The great unwashed at Kelway could be forgiven for checking their backs after CDW acquired the reseller yesterday, but job cuts or office closures are not part of early integration plans, or so say the new bosses.
The world’s largest tech reseller – CDW won 3,000 new punters in Q2 alone compared with the 4,600 in total that Kelway has on its sales ledger – coughed $372m in cash and $59m in stock to buy the firm (excluding fees/costs), and consolidated $80m of debt.
This equates to an enterprise value of circa £330m, and means Kelway founder and CEO Phil Doye, who owned 56 per cent of the company, will have enough money to take the family on holiday ... a very long one.
CDW has other plans, and wants Doye and his team to stick around as it aims to operate Kelway as a “standalone CDW business”, Tom Richards, CEO at the US titan told Wall Street types on a conference call.
“As is our practise, we will take a measured approach to integration ... teams are in place and work is already underway to determine the steps necessary to create a seamless, one company experience.”
A “strong retention programme” has been erected “for the people at Kelway," he added, "and I’m happy to report that they are signed up and ready to go, so we feel really good about both the rolling business, retaining and growing customers and retaining the co-workers".
There are around 1,000 staff at Kelway with offices across the UK and a business established in Singapore. About 90 per cent of sales are transacted in Blighty.
Doye, Kelway MD Dan Laws and the four sales directors are understood to have signed a golden handshake that financially ties them to the business for a specified time, though this was unconfirmed at the time of writing.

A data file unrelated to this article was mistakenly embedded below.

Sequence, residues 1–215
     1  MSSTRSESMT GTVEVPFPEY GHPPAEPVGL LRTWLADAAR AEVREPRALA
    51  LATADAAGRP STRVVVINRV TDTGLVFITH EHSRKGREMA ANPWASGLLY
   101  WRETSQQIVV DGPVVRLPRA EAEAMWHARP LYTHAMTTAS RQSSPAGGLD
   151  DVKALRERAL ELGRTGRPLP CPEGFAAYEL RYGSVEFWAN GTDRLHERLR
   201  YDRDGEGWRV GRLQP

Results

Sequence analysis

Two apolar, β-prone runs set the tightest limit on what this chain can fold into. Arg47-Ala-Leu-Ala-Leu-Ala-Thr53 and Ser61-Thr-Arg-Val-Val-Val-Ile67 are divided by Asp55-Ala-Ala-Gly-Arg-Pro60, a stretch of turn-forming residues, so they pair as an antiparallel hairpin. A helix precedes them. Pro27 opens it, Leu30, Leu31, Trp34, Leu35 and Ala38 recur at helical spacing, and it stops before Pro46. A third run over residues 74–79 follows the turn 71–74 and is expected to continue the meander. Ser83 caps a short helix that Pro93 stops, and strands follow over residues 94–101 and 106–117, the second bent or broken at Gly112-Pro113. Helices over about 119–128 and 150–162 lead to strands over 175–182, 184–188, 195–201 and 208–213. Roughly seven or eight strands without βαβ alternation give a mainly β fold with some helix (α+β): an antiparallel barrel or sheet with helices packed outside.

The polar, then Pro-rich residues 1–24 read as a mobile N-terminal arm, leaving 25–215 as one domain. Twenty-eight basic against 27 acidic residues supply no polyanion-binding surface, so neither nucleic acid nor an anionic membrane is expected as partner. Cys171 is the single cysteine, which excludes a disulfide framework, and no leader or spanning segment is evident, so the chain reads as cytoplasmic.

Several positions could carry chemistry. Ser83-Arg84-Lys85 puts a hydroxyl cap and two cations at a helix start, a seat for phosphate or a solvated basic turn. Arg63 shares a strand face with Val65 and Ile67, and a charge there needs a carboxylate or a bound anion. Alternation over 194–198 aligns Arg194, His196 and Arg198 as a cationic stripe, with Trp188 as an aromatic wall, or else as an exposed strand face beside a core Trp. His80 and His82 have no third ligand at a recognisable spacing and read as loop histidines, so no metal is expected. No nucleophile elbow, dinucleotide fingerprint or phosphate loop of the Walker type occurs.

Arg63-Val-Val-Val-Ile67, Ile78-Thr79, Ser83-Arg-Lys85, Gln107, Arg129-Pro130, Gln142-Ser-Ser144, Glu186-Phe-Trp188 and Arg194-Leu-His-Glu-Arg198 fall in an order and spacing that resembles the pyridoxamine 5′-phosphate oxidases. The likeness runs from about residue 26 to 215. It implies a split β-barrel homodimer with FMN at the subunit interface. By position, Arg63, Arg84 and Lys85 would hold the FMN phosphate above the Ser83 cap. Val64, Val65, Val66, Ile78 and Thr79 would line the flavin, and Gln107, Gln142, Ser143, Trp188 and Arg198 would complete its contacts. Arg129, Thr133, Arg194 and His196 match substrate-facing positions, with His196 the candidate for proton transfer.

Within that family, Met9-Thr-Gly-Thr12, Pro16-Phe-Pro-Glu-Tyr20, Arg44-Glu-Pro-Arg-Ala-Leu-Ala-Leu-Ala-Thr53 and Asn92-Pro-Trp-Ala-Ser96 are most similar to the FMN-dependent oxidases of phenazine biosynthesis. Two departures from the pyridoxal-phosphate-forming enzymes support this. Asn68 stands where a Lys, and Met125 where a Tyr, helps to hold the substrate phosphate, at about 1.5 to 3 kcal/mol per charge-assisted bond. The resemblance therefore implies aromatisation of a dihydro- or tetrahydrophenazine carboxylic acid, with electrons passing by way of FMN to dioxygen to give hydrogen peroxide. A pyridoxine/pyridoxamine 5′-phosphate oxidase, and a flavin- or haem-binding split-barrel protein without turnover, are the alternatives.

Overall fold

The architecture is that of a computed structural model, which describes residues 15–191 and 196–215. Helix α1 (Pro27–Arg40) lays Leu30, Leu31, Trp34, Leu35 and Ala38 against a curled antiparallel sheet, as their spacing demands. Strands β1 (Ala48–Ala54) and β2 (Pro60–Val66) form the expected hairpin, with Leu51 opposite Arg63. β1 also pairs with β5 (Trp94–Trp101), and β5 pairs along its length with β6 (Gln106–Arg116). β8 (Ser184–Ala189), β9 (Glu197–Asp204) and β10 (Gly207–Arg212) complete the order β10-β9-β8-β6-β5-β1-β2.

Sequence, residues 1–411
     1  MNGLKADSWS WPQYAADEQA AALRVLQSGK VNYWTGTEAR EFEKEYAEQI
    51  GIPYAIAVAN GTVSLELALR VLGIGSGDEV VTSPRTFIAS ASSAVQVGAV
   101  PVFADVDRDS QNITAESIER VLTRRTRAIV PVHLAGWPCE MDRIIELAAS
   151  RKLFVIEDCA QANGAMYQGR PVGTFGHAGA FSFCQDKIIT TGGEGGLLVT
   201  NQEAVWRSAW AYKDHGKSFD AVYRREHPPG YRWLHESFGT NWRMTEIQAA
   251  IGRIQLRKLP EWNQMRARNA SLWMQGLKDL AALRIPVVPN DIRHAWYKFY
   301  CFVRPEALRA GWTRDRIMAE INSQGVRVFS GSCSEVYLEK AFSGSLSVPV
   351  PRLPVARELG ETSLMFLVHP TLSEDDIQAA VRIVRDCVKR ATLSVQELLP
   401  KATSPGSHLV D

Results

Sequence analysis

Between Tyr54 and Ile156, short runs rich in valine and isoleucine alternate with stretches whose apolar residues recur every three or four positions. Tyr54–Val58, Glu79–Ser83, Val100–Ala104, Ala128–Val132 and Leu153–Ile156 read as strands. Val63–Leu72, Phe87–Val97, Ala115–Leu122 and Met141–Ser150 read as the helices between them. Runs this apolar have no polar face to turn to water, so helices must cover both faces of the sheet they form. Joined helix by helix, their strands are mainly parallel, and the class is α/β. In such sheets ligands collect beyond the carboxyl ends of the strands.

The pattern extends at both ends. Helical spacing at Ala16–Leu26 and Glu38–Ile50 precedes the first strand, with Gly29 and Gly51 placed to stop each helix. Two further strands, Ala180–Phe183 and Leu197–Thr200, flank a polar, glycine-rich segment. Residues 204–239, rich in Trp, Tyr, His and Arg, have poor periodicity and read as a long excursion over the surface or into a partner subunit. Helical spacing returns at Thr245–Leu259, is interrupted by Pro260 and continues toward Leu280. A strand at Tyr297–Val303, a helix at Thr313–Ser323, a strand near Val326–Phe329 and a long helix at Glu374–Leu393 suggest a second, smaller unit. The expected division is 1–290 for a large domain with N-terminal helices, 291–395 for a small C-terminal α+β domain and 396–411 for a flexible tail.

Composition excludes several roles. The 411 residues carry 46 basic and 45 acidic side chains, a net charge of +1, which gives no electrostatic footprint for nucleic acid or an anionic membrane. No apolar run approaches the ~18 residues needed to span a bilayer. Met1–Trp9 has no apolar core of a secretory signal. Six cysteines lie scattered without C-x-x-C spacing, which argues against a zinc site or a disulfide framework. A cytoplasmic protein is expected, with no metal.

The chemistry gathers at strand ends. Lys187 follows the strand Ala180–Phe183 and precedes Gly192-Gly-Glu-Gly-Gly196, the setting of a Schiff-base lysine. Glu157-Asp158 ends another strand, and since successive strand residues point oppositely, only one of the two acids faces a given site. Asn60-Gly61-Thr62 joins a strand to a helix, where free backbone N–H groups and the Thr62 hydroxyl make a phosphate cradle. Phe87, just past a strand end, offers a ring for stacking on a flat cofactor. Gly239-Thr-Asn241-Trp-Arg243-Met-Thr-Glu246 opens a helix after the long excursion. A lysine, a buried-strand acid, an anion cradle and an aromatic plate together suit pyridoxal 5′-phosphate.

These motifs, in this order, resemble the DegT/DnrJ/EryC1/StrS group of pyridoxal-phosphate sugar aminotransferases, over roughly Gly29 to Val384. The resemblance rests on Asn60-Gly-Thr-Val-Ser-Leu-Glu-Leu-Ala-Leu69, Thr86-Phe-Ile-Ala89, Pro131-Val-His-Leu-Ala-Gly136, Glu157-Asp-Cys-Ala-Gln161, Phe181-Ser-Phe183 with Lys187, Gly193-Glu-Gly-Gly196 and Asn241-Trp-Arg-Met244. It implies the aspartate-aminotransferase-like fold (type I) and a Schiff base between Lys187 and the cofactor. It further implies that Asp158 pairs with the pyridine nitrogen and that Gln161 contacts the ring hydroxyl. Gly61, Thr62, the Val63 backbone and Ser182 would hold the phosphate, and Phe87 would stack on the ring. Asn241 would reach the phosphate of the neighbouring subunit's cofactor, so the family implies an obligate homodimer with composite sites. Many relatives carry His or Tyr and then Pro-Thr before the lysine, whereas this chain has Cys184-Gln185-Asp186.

In the initial phase at least, the Kelway brand will remain. “As we move through the integration process, we will think about if there is enhanced advantage for changing that”, said Richards.
Asked about integration charges on the same con-call, CDW chief beanie Anne Ziegler told financial analysts “this is not a transaction that’s about taking cost out of the combined business".
“There won’t be any severance charges along those lines. There are obviously no facilities to shut down ... as we develop an integration programme, there will likely be some expenses related to system integration," she added.
Major upheavals are typically a feature for any company being acquired as the acquirer seeks to boost profits by slashing costs, e.g. back office functions, so Kelway staff should be able to rest easy for the time being at least.
Significant changes in the way sales staff operate under a US parent beholden to Sarbanes Oxley accounting regulations will, however, likely have an impact on daily life at Kelway, according to numerous sources.
Private companies are invariably more nimble with a small set of decision makers, and can push the boundaries of accounting rules. At an SEC listed group, policy will be tightened and procedures should be whiter than white with company audits in mind.
“Local teams will need to establish credibility with US leaders and for some this may feel like a straight jacket,” one contact said.
The US accounting rule known as Multiple Elements has implications for discounts and revenue recognition, so there'll be no pre-booking sales in anticipation of getting the order the following month.
These examples may clip the entrepreneurial wings that helped Kelway soar to a £600m-plus sales organisation, say rivals, but then again, they say this would wouldn't they.
Kelway was unavailable to comment. ®